How you handle and clean your equipment can have a big impact on managing infection control at your practice.
Keeping your patients safe from infection encompasses a number of considerations, including materials, procedures and equipment. What you do-or don’t do-with your equipment is an important dynamic when it comes to managing infection control.
Cassettes improve efficiency and save time
Instrument washers are certainly convenient and efficient, but just by virtue of how you use them you may be unwittingly wasting time.
Doug Braendle, product manager at SciCan, observes that being able to presort and organize instruments before going into an instrument washer-such as SciCan’s Hydrim model-eliminates a speed and efficiency bottleneck.
“The most expensive thing in the dental office is labor, it’s the staff,” Braendle says. “To put loose instruments in a Hydrim is almost a lost cause, because the advantage of a Hydrim is we put a cassette in there that has a hygiene setup. After it gets done drying, we take the whole cassette out as is, wrap it and then move on to sterilization, and then we’re ready to go for it to be used again. If it’s loose instruments, then you have this big basket and what your assistant is going to have to do is pick out individual instruments and sort them by where they need to go.
“If that’s already in a cassette, it’s done for them,” he continues. “I don’t have somebody picking through them, losing valuable time and taking a very skilled member of the dental team because they know all the instruments.”
Select equipment based on the practice’s busyness
A number of variables go into determining which equipment to use, and an important consideration is your practice’s activity level.
“We use the term ‘pass-through,’” Braendle says. “How much stuff is passing through your system? Passing through whatever washing that you’re doing? Passing through the sterilization area and going out to be used on patients? Once we have an idea as to how busy the practice is, then it’s just a numbers game. We can help them select the proper sterilization equipment and the proper washing equipment in order to keep up with how busy they are.”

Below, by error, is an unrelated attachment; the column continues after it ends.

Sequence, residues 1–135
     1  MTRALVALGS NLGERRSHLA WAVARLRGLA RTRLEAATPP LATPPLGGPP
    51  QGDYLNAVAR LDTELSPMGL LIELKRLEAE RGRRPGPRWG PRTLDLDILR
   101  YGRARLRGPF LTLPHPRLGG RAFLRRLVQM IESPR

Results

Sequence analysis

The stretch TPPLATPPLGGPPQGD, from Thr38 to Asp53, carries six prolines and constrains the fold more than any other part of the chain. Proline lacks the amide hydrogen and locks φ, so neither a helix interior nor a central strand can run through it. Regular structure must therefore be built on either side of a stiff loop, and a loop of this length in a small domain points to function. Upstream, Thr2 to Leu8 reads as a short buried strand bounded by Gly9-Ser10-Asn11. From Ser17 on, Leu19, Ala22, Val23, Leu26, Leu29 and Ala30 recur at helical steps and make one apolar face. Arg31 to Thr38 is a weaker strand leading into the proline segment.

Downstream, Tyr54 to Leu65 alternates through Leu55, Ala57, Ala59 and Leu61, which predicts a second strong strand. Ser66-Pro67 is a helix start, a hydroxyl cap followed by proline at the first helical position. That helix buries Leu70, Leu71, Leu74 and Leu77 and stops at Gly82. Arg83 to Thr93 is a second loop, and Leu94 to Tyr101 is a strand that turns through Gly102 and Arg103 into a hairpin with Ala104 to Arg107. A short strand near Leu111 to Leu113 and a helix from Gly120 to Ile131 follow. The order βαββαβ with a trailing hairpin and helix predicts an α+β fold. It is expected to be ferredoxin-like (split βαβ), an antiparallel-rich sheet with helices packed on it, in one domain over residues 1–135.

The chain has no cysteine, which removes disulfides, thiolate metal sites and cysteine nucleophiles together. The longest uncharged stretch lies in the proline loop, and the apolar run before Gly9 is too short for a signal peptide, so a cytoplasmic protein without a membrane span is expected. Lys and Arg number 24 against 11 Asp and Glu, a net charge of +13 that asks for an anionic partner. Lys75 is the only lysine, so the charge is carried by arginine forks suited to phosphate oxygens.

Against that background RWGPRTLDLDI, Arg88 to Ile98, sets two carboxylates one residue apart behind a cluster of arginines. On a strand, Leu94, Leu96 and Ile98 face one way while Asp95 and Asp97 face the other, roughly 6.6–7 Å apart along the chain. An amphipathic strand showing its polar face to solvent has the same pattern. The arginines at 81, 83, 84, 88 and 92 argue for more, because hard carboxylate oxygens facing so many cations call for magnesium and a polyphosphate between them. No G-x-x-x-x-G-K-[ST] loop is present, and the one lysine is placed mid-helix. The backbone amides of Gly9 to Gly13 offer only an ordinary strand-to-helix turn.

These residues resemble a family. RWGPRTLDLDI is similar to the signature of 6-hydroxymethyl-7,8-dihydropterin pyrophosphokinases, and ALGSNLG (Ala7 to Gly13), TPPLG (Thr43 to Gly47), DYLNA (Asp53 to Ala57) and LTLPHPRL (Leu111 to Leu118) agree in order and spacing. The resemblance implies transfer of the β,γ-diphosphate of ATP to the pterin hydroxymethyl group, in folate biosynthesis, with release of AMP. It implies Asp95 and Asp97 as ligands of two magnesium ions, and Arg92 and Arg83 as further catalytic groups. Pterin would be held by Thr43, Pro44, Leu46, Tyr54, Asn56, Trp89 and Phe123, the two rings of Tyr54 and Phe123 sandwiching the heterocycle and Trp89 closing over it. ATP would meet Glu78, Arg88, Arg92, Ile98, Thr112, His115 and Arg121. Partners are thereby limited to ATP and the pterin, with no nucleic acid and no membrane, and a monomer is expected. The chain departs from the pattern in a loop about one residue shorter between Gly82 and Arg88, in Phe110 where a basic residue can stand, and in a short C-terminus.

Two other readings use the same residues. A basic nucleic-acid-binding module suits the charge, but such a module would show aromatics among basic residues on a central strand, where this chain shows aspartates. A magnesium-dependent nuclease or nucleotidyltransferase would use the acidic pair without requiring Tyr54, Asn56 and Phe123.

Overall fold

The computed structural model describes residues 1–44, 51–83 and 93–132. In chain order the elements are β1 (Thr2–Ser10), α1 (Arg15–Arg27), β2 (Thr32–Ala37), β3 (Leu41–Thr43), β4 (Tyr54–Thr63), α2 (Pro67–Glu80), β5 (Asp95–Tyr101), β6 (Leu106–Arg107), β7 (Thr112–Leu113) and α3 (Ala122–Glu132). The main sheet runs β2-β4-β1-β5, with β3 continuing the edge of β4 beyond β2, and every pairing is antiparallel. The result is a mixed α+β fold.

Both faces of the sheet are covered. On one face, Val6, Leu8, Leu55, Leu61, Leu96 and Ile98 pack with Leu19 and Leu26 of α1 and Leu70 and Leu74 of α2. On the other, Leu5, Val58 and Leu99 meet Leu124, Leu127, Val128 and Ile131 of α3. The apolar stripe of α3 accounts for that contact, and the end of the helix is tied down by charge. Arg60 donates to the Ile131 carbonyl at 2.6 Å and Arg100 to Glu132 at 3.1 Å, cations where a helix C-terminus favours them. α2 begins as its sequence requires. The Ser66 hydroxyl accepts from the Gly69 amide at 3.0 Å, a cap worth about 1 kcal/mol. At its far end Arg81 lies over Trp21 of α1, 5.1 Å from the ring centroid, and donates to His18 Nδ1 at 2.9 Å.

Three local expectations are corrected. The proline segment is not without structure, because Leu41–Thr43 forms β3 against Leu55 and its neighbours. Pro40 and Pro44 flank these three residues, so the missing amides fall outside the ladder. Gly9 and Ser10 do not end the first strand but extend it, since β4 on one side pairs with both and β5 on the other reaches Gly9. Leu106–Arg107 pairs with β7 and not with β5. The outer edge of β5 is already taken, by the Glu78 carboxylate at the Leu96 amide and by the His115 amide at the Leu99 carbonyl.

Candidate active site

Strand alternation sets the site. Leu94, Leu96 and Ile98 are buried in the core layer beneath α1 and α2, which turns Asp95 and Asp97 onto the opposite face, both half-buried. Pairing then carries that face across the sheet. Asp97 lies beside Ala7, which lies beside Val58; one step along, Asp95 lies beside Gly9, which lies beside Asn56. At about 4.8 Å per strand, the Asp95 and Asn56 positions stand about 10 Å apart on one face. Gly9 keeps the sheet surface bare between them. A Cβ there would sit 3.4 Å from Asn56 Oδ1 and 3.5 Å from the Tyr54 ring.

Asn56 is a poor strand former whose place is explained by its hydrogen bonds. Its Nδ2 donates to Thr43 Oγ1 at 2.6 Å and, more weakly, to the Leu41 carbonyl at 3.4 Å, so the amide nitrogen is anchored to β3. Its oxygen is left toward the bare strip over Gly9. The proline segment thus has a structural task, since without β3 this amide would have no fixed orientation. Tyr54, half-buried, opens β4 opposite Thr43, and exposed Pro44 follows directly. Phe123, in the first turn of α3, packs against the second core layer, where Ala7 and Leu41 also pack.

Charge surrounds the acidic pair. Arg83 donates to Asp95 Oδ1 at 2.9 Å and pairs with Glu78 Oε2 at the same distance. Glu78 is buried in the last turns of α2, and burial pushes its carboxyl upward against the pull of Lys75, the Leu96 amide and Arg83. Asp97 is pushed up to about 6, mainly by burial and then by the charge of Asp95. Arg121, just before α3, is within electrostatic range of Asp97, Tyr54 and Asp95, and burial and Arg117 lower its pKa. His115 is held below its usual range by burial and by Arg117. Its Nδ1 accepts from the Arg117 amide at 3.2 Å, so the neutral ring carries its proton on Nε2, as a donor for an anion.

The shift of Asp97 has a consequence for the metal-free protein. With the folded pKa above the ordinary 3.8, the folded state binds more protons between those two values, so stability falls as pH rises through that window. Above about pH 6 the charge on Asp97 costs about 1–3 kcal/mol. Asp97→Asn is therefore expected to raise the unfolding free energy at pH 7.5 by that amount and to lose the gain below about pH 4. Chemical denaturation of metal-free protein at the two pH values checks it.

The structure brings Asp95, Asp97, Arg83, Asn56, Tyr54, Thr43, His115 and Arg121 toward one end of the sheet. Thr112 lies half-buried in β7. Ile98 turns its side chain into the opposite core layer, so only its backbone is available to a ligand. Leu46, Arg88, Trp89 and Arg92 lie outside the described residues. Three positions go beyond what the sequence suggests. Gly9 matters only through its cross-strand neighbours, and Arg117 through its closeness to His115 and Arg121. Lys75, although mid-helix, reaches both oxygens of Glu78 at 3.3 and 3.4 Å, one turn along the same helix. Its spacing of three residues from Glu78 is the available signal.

The busier a practice, the more a few minutes here and there can add up.
“We run across ortho offices that are seeing up to 150 patients a day,” Braendle says. “And when I stick an instrument, whether it be a mirror or something else, in a patient’s mouth, at some point in the protocol that involves cleaning and it involves sterilization. We have to know what the pass-through is in order for us to give them some guidelines as to what it is that they may or may not need in the way of sterilization.”
Set up your sterilization area
A smooth, logical flow to your sterilization can also save time and money.
“When you’re dealing with sterilization centers from an infection control standpoint, from the CDC and what the state mandates, it’s really imperative that we have a dirty-to-sterile protocol,” Braendle says. “It can be left to right, it can be right to left. It all depends on how the room is set up. There’s no right or wrong, it just depends on the flow of that room.”
Being aware of your sterilization area’s size and configuration is an important variable.
“Oftentimes with new setups, washers are fairly common,” Braendle says. “When you’re trying to redo an existing office, a washer can be somewhat problematic, because it’s the size of a regular dishwasher that you might have in your home. In some of these smaller sterilization areas, there may not be a space that big where we can just slide new things in.”
When the area is properly organized, the workflow should be smooth and fluid.
“Once the sterilization center is thought of, we’ll normally have a dirty storage, so the dirty cassettes come in, and if they have time to clean them and get some of the merchandise out-like two by twos and cotton rolls and things like that-rinse equipment off and then put it into the washer. We can do rinse and holds in between. When the machine is full enough, pick a cycle and then walk away,” Braendle says.